A number of companies offer software for succession management, including industry titan SAP as well as smaller players such as Los Angeles-based Cornerstone OnDemand, Morristown, New Jersey-based Sapien and San Mateo, California-based SuccessFactors.
SuccessFactors says its succession-planning product can be made more powerful by combining it with software modules for managing performance reviews and compensation decisions. That integration gives supervisors the ability to delve into and compare employees’ track records when considering promotions, says Rob Bernshteyn, senior director of product marketing at the company.
The Web-based product also will send an automatic alert when a key position suddenly becomes vulnerable. This could occur when an executive notes in the system that an employee is likely to leave the company soon and the people designated as possible successors to that post aren’t immediately ready to assume it, have just taken other jobs in the company or have left themselves.
About 20 percent of SuccessFactors’ 300 customers use its succession-planning software. But interest in the product is growing, Bernshteyn says. Of those companies thinking about becoming SuccessFactors customers, 25 percent are keen on succession planning, he says.
Auto parts and services chain Pep Boys is convinced it made a sound investment when it began using software from SuccessFactors about a year ago, says Liviu Dedes, the firm's director for training and organizational development. The software was part of a broader succession-management overhaul, which included a set of 84 round-table discussions throughout the country on employees’ potential.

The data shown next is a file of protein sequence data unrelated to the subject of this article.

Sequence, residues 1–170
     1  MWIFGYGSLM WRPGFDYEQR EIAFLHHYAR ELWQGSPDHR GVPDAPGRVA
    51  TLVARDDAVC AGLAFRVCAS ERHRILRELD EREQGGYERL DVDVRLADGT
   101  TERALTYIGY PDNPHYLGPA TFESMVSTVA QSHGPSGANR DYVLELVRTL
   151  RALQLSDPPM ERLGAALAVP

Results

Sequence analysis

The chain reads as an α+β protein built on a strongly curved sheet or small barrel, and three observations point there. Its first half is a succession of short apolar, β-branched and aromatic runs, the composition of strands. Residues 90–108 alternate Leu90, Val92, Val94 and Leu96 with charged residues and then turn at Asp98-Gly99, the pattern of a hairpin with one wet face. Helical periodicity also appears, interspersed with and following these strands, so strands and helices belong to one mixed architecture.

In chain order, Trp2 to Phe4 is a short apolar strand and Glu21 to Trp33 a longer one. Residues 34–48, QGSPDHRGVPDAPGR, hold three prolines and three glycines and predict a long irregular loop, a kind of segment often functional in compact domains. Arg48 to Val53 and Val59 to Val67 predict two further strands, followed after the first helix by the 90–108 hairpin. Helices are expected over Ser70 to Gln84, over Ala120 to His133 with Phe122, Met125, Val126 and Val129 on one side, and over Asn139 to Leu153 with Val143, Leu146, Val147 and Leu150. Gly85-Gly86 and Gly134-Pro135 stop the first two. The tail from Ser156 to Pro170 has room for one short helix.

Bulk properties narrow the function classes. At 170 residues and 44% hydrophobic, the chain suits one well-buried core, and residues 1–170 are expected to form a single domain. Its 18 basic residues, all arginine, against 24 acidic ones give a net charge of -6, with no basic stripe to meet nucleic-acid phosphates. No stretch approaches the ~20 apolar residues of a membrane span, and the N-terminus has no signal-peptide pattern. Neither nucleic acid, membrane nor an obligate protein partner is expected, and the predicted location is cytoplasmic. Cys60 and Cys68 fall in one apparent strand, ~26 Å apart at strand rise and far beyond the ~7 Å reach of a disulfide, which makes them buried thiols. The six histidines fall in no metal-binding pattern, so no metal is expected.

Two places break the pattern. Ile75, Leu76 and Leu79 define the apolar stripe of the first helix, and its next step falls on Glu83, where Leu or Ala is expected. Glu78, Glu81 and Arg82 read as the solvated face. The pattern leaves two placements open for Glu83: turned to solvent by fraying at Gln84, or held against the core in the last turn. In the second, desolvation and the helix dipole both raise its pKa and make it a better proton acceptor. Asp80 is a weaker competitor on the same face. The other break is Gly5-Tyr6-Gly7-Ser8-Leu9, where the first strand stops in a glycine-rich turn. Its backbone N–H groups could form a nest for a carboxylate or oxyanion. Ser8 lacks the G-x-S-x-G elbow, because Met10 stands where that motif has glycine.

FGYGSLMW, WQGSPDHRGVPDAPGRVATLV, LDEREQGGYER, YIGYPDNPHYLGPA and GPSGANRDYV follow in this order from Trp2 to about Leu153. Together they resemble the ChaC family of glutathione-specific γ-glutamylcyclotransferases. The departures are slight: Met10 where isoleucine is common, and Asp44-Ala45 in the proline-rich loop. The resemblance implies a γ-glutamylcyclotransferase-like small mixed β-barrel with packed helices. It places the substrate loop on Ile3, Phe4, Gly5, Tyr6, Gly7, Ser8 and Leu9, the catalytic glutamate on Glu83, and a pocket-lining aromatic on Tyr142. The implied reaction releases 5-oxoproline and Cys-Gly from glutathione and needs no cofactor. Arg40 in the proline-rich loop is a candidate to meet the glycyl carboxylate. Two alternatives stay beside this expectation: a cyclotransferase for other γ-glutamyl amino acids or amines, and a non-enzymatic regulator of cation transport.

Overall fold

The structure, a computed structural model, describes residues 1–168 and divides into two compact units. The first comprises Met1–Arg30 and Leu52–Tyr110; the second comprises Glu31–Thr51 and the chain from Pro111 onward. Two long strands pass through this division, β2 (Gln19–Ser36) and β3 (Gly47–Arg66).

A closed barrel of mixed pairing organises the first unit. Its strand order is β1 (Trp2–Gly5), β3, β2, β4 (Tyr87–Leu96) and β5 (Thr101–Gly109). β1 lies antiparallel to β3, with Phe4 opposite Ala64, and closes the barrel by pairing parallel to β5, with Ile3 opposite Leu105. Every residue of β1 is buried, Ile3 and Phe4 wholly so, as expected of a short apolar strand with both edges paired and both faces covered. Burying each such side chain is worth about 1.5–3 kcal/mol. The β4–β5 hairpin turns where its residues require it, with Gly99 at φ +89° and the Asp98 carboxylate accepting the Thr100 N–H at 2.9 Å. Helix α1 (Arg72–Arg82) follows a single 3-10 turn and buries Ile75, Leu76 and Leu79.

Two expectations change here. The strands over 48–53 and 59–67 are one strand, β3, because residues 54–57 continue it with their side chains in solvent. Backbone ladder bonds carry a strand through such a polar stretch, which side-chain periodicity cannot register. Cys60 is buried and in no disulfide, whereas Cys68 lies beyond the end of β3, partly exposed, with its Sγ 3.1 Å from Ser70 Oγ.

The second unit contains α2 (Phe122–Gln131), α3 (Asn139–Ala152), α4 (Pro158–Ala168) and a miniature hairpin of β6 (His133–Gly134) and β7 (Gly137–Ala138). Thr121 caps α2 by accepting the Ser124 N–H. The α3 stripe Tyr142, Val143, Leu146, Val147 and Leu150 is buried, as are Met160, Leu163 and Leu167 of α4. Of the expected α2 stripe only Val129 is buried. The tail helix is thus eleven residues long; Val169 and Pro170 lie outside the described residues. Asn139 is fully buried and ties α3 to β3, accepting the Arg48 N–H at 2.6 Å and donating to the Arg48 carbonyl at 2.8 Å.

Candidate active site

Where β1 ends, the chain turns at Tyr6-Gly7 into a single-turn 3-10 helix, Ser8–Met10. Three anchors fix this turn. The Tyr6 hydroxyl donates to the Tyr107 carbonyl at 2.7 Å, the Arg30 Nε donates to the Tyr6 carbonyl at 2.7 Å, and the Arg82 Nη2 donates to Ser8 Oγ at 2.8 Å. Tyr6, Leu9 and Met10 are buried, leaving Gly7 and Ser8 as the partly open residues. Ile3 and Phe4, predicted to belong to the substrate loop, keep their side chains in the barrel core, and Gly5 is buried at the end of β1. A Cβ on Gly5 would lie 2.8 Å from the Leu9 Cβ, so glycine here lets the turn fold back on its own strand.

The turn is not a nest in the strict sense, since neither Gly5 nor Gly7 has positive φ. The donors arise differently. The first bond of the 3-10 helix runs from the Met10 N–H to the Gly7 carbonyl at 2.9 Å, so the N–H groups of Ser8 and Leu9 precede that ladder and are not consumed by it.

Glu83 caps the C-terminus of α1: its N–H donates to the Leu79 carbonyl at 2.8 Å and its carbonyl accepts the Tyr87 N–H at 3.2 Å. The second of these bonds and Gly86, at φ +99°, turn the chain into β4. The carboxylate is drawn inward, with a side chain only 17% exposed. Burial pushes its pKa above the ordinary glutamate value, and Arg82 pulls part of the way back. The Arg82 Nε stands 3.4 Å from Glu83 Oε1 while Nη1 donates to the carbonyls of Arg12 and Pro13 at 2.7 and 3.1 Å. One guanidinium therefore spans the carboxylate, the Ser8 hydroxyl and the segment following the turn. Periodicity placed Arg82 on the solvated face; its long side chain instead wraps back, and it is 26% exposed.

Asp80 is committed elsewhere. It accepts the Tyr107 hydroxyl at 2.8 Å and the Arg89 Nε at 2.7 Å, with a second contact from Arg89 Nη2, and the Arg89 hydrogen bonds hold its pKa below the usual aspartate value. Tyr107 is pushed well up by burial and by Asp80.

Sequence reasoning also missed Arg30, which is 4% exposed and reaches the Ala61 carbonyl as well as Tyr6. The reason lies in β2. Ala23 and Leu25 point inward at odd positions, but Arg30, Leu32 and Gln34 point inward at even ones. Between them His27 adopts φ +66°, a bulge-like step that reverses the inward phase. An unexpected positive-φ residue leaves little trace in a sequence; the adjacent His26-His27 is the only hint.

According to Dedes, SuccessFactors’ software helped the company overcome problems it discovered when it reorganized its business in 2004. The chain, with some 20,000 employees and nearly 600 stores throughout the country and in Puerto Rico, wanted to double the number of area directors to 84 in a period of two months. It was a "very painful" event thanks to internal and external talent pools that were "shallow," Dedes recalls. For one thing, he says, Pep Boys' paper-based system made it hard to notice quality candidates even in neighboring areas. The company also had inconsistent measures of people's potential.
SuccessFactors’ software, which Pep Boys accesses over the Web, has helped the company standardize its employee reviews around a set of competencies and also made it much easier to see the aspirations and abilities of some 2,000 managers throughout the company, Dedes says.
In its first year, the software cost Pep Boys about $180,000, including implementation fees. The cost will drop in the second year to about $130,000. Given that external hires cost Pep Boys about $20,000 each, while internal hires cost roughly $10,000, Liviu is confident the SuccessFactors technology will pay for itself in its second year.
Far from being a bust, succession-planning software served as a catalyst for the company to reflect on and improve its approach to succession management, Dedes says. "It was a great opportunity to rethink ourselves and revise the process we were using," he says.